1. Jessbow

    Jessbow Registered User

    #1 Jessbow, Mar 13, 2015
    Last edited: Mar 13, 2015
    Mum passed away 9 months ago , My bro and I inherited her bungalow and monies in equal shares.

    In order to keep what was her bungalow insured etc, we put the deeds of the bungalow into our joint names ( his and mine)

    The actual 'pound note' monies remain in the bank, I have executed her will and what is left is to be split between us.

    Now comes the problem

    Example figures....
    Bungalow is in joint name at worth 200k ( example)
    Money in executors acc = 200k

    My brother wants his share of the cash and his share of the bungalow.

    I don't have a problem with either....

    Because the bungalow is in joint names, I have to 'buy him out' with my share from the bank. ( so its as broad as its long , money and bungalow= same value)

    in doing this, I am going to get clobbered for stamp duty!!

    can anyone see a way round this??
     
  2. Kevinl

    Kevinl Registered User

    Aug 24, 2013
    4,776
    Salford
    Stamp Duty is 2% of the amount over £125,000 (and under £250,000) the house sells for and 2% of the £75,000 liability is £1,500 so it's not a clobbering, if he gives you his half of the SD (£750) then you're straight.
    Personally I'd not buy him out, what the house sells for will be subject to a survey, who knows what that might turn up, subsidence, dry rot, who knows what?
    The market has turned and is in decline (in many parts of the country, but not all), are you happy to maybe wait a couple of years them maybe have to drop the price for a sale, alternatively you might get an offer higher than his cash share, will he want half? Too many things may happen, personally I'd split the cash and deal with the house then split the cash from that or I'd take the money and leave the house for him to sort out. Even though they start out simple plans like this can go A over T big time.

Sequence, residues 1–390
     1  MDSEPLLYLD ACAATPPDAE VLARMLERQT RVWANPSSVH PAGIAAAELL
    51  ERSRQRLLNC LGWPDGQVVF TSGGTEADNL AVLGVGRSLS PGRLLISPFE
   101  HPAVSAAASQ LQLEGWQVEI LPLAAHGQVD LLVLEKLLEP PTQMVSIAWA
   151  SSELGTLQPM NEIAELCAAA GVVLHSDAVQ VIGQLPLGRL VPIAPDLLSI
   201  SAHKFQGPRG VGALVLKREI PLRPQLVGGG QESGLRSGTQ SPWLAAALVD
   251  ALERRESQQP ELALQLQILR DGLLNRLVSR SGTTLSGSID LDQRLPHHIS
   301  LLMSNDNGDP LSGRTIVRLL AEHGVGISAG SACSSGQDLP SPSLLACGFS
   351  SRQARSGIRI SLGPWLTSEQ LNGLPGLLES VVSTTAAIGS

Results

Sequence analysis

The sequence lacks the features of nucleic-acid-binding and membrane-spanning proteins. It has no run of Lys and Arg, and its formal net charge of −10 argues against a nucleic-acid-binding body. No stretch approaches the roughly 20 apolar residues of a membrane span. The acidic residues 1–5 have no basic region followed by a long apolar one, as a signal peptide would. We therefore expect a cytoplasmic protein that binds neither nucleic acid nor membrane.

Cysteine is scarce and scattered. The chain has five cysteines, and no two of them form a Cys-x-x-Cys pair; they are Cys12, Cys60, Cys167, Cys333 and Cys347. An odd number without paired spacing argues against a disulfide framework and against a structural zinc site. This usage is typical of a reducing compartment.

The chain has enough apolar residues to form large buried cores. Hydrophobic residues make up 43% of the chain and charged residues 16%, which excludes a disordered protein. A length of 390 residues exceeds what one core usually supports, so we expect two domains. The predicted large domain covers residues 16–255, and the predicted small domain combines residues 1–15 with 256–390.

K
     
  3. Beate

    Beate Registered User

    May 21, 2014
    11,742
    Female
    London
    So your brother gets the cash while you get the property? You could ask your brother to give you half the stamp duty to make it even again. On the other hand, stamp duty on your example amount is only £1,500 and the value of the property might go up substantially in the coming years, netting you much more than interest in a bank would do.
     
  4. jugglingmum

    jugglingmum Registered User

    Jan 5, 2014
    5,309
    Female
    Chester
    The only thing I can think of is if you had it in your name's as executor's for your mum's estate, then it is a transfer out of her estate, I've no idea without researching if this attracts stamp duty or not.

    For absolute certainty, you need to take professional advice (from a tax expert in a reputable firm of accountants - or a very good solicitor, not a conveyancing solicitor) as HMRC are very hot on stamp duty evasion, but it may well cost you £500 to £1000 which if you can split it with your brother is not worth worrying about.
     
  5. Jessbow

    Jessbow Registered User

    He wants his share of the money and the house now and I live in it! I cant really tell him to go whistle, can I when in effect I have also inherited enough money to 'buy' his share?

    What saying is this...
    The bungalow value and the cash sum we have in the exec acc are equal- if I take the bungalow and he takes the cash, why does stamp duty come into it?

    we are still splitting the estate 50/50 as per the will
     
  6. Pickles53

    Pickles53 Registered User

    Feb 25, 2014
    2,475
    Radcliffe on Trent
    It's water under the bridge for you and your brother, but I would just say that we were able to keep my mum's bungalow insured as executors just by sending them a copy of her death certificate and switching the direct debit to be paid from our bank account. We still waiting for probate to be granted, but the premiums will be included in the final estate accounts before the residuary estate is divided between all the beneficiaries.

    I don't think that liability for stamp duty can be avoided because of the cash amount. It's payable based on the transaction itself, but I'm not a property lawyer. If it is payable, I think it would fairest for you to split the cost with your brother but he could generous enough to stand the full amount as he will have the cash.